Cooperative education (co-op) and internships are forms of experiential education that allow students to complement their classroom experiences with work experience. This study examines the influence of co-op and internships on engineering problem-solving skills by answering the following research questions: (1) Does experience in cooperative education or internship programs influence students' self-perceptions of their engineering problem-solving skills? (2) How do students with cooperative education or internship experience differ in their perception and understanding of their engineering problem-solving skills as compared to students with no experience? The design of this study included a quantitative and a qualitative component. I conducted a quantitative analysis to answer the first research question utilizing multivariate regression and multi-nominal logit models to examine whether significant differences existed between students with engineering work experience and students with no engineering work experience with regard to assessments of their (1) basic skills, (2) design and problem-solving skills, and (3) engineering thinking skills. The key variables came from a set of three scales and their respective items from the nationally representative "Engineering Change" (EC2000) dataset, which contains survey responses from 4,461 senior engineering students from the class of 2004 in seven engineering disciplines (aerospace, chemical, computer, electrical, industrial, and mechanical) from 39 accredited institutions. The second research question was addressed through qualitative data collection and analysis. I interviewed three groups of senior electrical engineering students at a single research I university: (1) students who completed three rotations in the co-op program, (2) students who completed at least one internship, and (3) students who completed neither co-op nor internship. In total, I interviewed 17 undergraduate engineering students, including (1) four students who completed at least three cooperative education rotations, (2) eight students who completed at least one internship, and (3) five students who completed neither cooperative education nor internship. The quantitative analysis indicates that students who spent more time in a cooperative education or internship program rate their understanding of engineering problem-solving more highly than those who have not participated in such programs. The more time spent in these work-related experiences, the more highly students rated their understanding of essential aspects of the engineering design process, and their abilities to apply systematic design procedure to open-ended problem; design solutions to meet desired needs; ensure that a process or product meets a variety of technical and practical criteria; and compare and judge alternative outcomes. The qualitative analysis suggested that students' classroom and work (co-op and internship) experiences differentially influenced three types of knowledge: theoretical, practical, and procedural knowledge. "Theoretical knowledge" refers to the theories, laws and principles of the field. The majority of the students reported that classroom experiences in solving textbook problems helped them develop this type of knowledge. Students with work experience described how their work assignments often required them to consider contextual factors as well as technical ones when solving problems on the job. This kind of "practical knowledge" encouraged students to address a variety of relevant factors when solving problems. They contended that these contextual factors were not always prominent in classroom assignments or homework problems. Finally, "procedural knowledge" can be defined as knowledge of how to solve problems. When comparing the groups, students with co-op and internship experiences were more likely to understand the importance of problem-solving processes (such as defining the problem or applying systematic procedures) than students without work experience. The findings from both the qualitative and quantitative components of the study are consistent. The quantitative analysis showed that time spent in a co-op or internship was significant for the majority of survey items related to procedural knowledge but not significant for items related to theoretical knowledge. This aligns with the findings from the interviews. Coop and internship students reported that their work experience taught them that in order to succeed on the job, they needed to develop both procedural knowledge and theoretical knowledge. Procedural knowledge gained through engagement in engineering practice at a co-op or internship increased students' confidence in their problem-solving ability. Understanding how cooperative education and internship program influences students' perception of their engineering problem-solving skills has practical implications. For curricular designers, knowing how individuals perceive their different types of knowledge necessary to solve problems allows for a more intentional design of curricular and co-curricular activities to develop students' competency within an academic domain. I recommend curricular designers focus on strengthening and enhancing students' theoretical knowledge, practical knowledge, procedural knowledge through classroom activities such as writing assignments that ask students to explain their problem-solving process. Program-level recommendations include incorporating more project-based or lab-like courses into the curriculum, so students have more opportunities to actively engage in solving real-world problems. Future research should examine the long-term effects of co-op and internship programs on students' perception of engineering problem-solving skills once they have graduated and worked in the profession. [The dissertation citations contained here are published with the permission of ProQuest LLC. Further reproduction is prohibited without permission. Copies of dissertations may be obtained by Telephone (800) 1-800-521-0600. Web page: http://www.proquest.com/en-US/products/dissertations/individuals.shtml.]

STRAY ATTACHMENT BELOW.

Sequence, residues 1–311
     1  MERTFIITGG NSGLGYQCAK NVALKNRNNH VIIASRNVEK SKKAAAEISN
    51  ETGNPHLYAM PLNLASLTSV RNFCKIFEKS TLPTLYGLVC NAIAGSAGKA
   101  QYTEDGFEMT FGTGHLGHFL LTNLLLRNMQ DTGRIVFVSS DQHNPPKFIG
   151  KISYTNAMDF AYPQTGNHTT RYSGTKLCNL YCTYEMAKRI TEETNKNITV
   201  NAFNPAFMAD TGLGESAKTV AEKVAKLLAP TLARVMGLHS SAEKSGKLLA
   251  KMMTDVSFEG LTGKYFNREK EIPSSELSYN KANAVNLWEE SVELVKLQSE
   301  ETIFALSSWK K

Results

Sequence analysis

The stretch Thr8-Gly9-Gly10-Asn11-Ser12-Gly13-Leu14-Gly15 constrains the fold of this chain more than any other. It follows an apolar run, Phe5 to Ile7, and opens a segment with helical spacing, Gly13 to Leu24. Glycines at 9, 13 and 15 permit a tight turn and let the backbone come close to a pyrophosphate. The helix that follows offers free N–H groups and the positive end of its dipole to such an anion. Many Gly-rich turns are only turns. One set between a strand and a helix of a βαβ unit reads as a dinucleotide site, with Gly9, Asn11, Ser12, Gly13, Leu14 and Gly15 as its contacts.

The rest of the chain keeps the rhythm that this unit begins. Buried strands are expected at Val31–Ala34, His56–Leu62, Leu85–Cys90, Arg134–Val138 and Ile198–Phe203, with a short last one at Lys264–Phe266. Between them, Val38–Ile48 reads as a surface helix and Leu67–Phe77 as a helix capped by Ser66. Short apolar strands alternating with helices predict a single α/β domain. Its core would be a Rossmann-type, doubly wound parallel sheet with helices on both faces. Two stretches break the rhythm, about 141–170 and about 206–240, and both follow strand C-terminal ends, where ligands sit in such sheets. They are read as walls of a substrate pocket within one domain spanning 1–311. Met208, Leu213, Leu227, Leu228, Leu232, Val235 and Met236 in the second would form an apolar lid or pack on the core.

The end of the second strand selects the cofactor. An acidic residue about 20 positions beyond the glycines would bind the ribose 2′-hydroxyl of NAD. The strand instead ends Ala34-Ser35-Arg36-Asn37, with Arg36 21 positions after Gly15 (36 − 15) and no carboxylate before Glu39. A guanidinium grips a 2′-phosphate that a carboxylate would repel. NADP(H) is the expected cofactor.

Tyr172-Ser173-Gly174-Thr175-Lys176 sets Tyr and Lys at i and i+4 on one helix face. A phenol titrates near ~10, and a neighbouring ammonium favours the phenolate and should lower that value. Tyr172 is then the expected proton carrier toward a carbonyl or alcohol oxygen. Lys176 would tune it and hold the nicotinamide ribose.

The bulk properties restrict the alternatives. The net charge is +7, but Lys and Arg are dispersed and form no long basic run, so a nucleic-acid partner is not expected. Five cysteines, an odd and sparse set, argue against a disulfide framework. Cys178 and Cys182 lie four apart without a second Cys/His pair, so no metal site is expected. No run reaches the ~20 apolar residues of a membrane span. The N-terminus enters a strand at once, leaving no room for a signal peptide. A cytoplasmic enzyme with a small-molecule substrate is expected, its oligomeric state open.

ProQuest LLC. 789 East Eisenhower Parkway, P.O. Box 1346, Ann Arbor, MI 48106. Tel: 800-521-0600; Web site: http://www.proquest.com/en-US/products/dissertations/individuals.shtml
Publication Type: Dissertations/Theses - Doctoral Dissertations
Education Level: Higher Education; Postsecondary Education
Audience: N/A
Language: English
Sponsor: N/A
Authoring Institution: N/A